Women hit by ‘triple burden’ during lockdown — and this is how to cope
Women have borne the brunt of the lockdown at home, taking on additional responsibilities and burdens as primary caretakers over and above existing work commitments.
This is according to one of the country’s leading corporate wellness experts who looked at what working mothers, and women in general, sacrificed over the past year.
“This included assisting children with home schooling, increased meal planning and execution and looking after relatives in need of care,” said Ina van der Watt, managing director of Universal Corporate Wellness.
Highlighting a significant gender disparity in the number of calls received over the past year at the counselling helpline run by Universal Corporate Wellness, Van der Watt said 38.5% calls were made by males, while almost double that amount, 61.5%, came from female service users.
The helpline provides counselling to many corporate clients and medical scheme members 24 hours a day, seven days a week.
“The top three difficulties our callers were experiencing included interpersonal relationship issues, adjustment difficulties and bereavement and loss. This disparity in the data is significant and may indicate the additional responsibilities carried by women made it particularly difficult for them to cope with the family being at home all day, alongside doing their own paid work,” said Van der Watt.
Van der Watt said the knock-on effect of this on women’s careers is yet to be seen.
She said women who had to take time off or reduce their work responsibilities to provide support at home in the form of unpaid labour are less likely to be promoted or receive better job opportunities.
“The effects of added household labour during lockdown are not simply temporary. They can have lifelong consequences for a woman’s career and future earnings potential.
“Furthermore, what we usually refer to as the ‘double burden’ women carry of both a remunerated role in the workplace as well as unpaid labour at home, might be better termed as a triple burden as women also carry the weight of the mental load,” she said.
Van der Watt likens mental load to project management in that it involves anticipating and planning for the needs of the household, scheduling, creating lists and reminding other family members about their tasks.
“This is the work that cannot be seen but requires additional mental energy and without which the household would operate in disorder. The considerable effort required to manage mental load, unpaid household labour and paid work can take its toll on the individual experiencing that level of pressure,” she said.
Van der Watt advised working women in such situations to take steps to protect their mental and physical health.
“Women in modern society have come a long way, yet there is much further to go. In the meantime, we must take care of ourselves — our health, as well as our families and careers, depend on it.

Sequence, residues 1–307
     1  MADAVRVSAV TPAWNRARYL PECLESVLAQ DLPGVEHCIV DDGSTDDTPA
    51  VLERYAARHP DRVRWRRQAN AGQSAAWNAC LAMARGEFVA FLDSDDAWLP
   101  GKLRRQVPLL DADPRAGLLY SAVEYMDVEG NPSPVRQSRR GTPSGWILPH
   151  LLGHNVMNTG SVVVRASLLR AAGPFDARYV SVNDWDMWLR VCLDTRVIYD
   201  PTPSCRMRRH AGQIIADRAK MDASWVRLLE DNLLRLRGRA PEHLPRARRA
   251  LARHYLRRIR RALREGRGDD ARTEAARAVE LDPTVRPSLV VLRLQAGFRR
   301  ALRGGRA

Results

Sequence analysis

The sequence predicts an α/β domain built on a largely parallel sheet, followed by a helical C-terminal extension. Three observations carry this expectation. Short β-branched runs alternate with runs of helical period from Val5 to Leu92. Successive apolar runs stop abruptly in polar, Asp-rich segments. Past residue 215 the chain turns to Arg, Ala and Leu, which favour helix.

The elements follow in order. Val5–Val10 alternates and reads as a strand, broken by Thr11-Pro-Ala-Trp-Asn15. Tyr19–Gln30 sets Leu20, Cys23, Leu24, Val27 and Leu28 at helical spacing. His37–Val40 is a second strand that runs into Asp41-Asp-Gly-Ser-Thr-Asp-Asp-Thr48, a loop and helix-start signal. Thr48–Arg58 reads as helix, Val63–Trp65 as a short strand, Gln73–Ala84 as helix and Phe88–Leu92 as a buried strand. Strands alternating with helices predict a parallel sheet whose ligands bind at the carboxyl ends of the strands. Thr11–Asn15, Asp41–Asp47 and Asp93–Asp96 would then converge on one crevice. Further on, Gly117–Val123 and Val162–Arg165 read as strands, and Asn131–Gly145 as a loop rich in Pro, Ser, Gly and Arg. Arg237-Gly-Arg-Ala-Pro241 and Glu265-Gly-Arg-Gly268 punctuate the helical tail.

“The past year has put a spotlight on the additional burdens women continue to shoulder, over and above their breadwinning contributions. It is important this societal legacy is addressed if we are to move forward on a more equitable footing.”
She offered these 12 tips for coping:
- Get your lifestyle basics in check by eating healthily, exercising for 150 minutes spread over the week and getting between seven and nine hours sleep every night.
- Share the load — have an open and honest conversation with your partner about dividing the household tasks and the planning of them.
- Engage in one or two hobbies you love and remain socially connected, even if remotely.
- Keep communication lines open with your partner and your children. Encourage everyone to express how they feel in a calm manner and work together as a team to support one another. Maintain the family connection with a weekly game night or other fun activity.
- Plan and take holidays during the year. If finances are a challenge, explore more affordable options to what you may have done in the past.
- Manage social media. A family social media schedule and content guidelines can help to avoid stressful online interactions and overuse of screens.
- If working from home, create a dedicated workspace and set boundaries around your space and work hours so you can focus.
- Create a daily routine including scheduled breaks. You will achieve more with focused work hours and a refreshed mind.
- Touch base with work colleagues and managers for support when you need it. You will come off stronger by getting a job done well with a little help than by scraping through on your own.
- Build in slack. Adding an extra 15 minutes to your morning routine, for example, to accommodate life’s little surprises can help you to start your day on time and unflustered.
- Set realistic expectations. This applies to yourself as well as others. It is better to under-promise and over-deliver than the other way around.
- Recognise stress triggers. When you feel stress coming on, try to practice mindfulness with a breathing exercise to help you regain focus.